August 11, 2010

"Is the 9/11 Mosque a Publicity Stunt?"

Asks David Frum. I got there via Hot Air. Hey! I wrote a post 3 days ago titled "Is the proposal to build a mosque near Ground Zero more political performance than reality?" I was bouncing off the same New York Post story that inspired Frum. Damn! I could have had a Hot Air link. But I decided not to publish my post, because, reading to the end of the story, I saw that although the would-be mosque-builders only owned one of the buildings needed for the project, they did have a lease and an option to purchase  the second building at its assessed value. That is, the path to acquiring the second building looked clear, assuming they could raise the money for the project. So raising the money for the project is the only real difficulty, which is the same thing we thought when it seemed that they already owned both buildings.

So is Frum seeing more than I saw or less?
The mosque developers are three Arab-American businessmen: Sharif and Sammy el-Gamal and Nour Moussa. They have a partner in Feisal Abdul Rauf, the Muslim writer and publicist who does most of the talking. But the money and credit pledged to the project belong to the company owned by Moussa and the el-Gamals, Soho Properties.

Soho Properties has paid some $5 million in cash to buy the Burlington Coat Factory building, a building that yields no income. They are paying rent to hold rights to the Con Ed building, which also yields no income. All of this in the midst of the worst commercial property slump in memory, in an area of New York with a very uncertain economic future....

You can see why the Gamal-Moussa team would be dazzled by the notion that philanthropists in the Persian Gulf might donate $100 million to raise a grand gleaming Islamic center in lower Manhattan. You can tuck a lot of development fees into a $100 million project. And if not a mosque … what else do you do with their two loser properties on Park Place?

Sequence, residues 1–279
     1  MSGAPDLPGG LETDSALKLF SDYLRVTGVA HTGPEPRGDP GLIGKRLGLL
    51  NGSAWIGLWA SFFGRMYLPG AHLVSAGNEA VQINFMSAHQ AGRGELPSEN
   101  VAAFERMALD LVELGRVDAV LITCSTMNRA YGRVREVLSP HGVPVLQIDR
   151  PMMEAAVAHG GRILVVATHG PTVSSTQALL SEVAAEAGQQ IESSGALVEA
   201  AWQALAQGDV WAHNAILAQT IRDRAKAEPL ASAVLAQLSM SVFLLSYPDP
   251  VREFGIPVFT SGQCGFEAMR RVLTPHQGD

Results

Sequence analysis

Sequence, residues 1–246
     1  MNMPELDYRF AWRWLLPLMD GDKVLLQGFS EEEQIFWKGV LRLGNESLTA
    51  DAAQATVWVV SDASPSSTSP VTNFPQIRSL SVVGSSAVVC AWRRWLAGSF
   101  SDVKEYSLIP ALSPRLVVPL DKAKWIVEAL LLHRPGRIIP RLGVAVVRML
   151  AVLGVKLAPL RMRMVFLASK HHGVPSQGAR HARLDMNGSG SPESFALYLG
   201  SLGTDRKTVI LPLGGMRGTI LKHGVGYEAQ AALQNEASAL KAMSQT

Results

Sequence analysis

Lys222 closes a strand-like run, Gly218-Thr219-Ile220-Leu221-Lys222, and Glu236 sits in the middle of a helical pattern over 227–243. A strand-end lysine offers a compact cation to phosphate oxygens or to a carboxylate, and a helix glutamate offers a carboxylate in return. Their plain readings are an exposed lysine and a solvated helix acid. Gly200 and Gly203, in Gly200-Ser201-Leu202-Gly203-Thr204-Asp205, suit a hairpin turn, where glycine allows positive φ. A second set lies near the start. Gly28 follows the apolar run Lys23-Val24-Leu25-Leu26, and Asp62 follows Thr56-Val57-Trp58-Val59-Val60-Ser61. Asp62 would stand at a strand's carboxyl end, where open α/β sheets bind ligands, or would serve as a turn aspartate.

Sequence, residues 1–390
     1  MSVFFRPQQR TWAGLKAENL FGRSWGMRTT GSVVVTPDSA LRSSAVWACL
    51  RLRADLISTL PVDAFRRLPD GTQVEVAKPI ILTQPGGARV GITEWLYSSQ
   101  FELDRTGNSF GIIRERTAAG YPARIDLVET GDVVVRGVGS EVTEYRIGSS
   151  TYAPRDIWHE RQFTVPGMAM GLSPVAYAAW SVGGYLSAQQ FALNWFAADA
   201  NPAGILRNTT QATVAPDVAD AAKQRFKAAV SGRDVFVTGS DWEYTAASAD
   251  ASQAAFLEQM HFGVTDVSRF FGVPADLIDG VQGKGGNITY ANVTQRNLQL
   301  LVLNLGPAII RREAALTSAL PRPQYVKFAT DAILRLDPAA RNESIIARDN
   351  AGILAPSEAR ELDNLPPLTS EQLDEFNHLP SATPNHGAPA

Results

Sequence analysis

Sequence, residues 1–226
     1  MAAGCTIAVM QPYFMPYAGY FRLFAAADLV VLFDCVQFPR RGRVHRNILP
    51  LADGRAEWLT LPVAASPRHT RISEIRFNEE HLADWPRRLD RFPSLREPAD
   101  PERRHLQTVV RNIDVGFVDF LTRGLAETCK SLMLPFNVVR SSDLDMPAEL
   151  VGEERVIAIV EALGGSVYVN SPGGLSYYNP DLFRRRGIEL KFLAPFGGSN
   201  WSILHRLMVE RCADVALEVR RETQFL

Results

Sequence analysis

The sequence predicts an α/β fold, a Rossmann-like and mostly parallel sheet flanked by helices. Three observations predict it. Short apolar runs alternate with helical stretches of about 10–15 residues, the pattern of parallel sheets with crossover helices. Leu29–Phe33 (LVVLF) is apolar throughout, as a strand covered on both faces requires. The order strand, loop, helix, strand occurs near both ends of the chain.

Frum thinks the Gamal-Moussa businessmen really did originally intend to build condos, but that wasn't going to work, and they hooked up with Feisal Rauf believing he was the kind of guy who could connect them to guys in the Middle East who'd give them $100 million if they were buttered up in a suitably Islamic way. Is "publicity stunt" the right word for Frum's theory? It sounds more like he thinks it was a hare-brained real estate scheme.
$100 million is not so easily raised, not even in Abu Dhabi, not in the middle of a global commercial property slump, not with the Manhattan real estate market in a shambles. Believe it or not, rich people in the Persian Gulf are not yearning to plunge into a U.S. political controversy.
And, of course, the mosque will never be built. The idea that I tossed aside was different. I entertained the notion that the idea was to propose it in order to stir up the reaction that was, in fact, stirred up. Some Americans would be outraged, including a subgroup that would say anti-Muslism things, and some Americans would get passionate about freedom of religion and celebrating diversity. In this theory, the point was always and only to undermine American society by dividing us in two and touching off a terrible, endless fight between the two halves.  In this theory too, then, the mosque is never built. It's not that the business scheme fails, but that the proposal was itself the project, and the project succeeds.

Will the mosque be built?
Yes.
No, because it's a business scheme that will fail.
No, because it was always only intended to produce a destructive debate.
No, because our protests will cause the developers to abandon the plan voluntarily.
No, because politicians or courts will find a way to stop it.
  
pollcode.com free polls

81 comments:

AllenS said...

New York Gov. David Paterson offered state help Tuesday if the developers of a mosque near the site of the Sept. 11 attacks agree to move the project farther from the site.

How about a brilliant casting of a fishing line and seeing if you can hook a sucker.

HDHouse said...

I suspect quite a few shoes will drop before this is settled......

Seriously, it is now down to an election year "who is a true American" battle that won't let up.

Salamandyr said...

The mosque will be built. It has become a symbol for a certain sort of American, a way to prove to the world that we are sensitive and tolerant, and it's a stick to beat the other sort of American, who thinks that maybe sensitivity and tolerance can be taken too far.

Edgehopper said...

This is what happens when you own Park Place but not Boardwalk.

(couldn't resist)

NotYourTypicalNewYorker said...

In the end this mosque won't be built, the silver lining is that Mayor Bloomberg will look exactly like the gigantic ass that he is.

Hagar said...

I think prudent Republicans should stand aside and let the Democrats fight this out among themselves - wherever it takes them.

Dust Bunny Queen said...

No.

Because New York City is controlled by the Unions, who are mostly controlled by the Mob who are really quite patriotic. They will not allow the Mosque to be built nor will they work on it themselves.

To think that New York is controlled by the politicians is silly. It is the other way around. The politicians are controlled by the Unions.

Maguro said...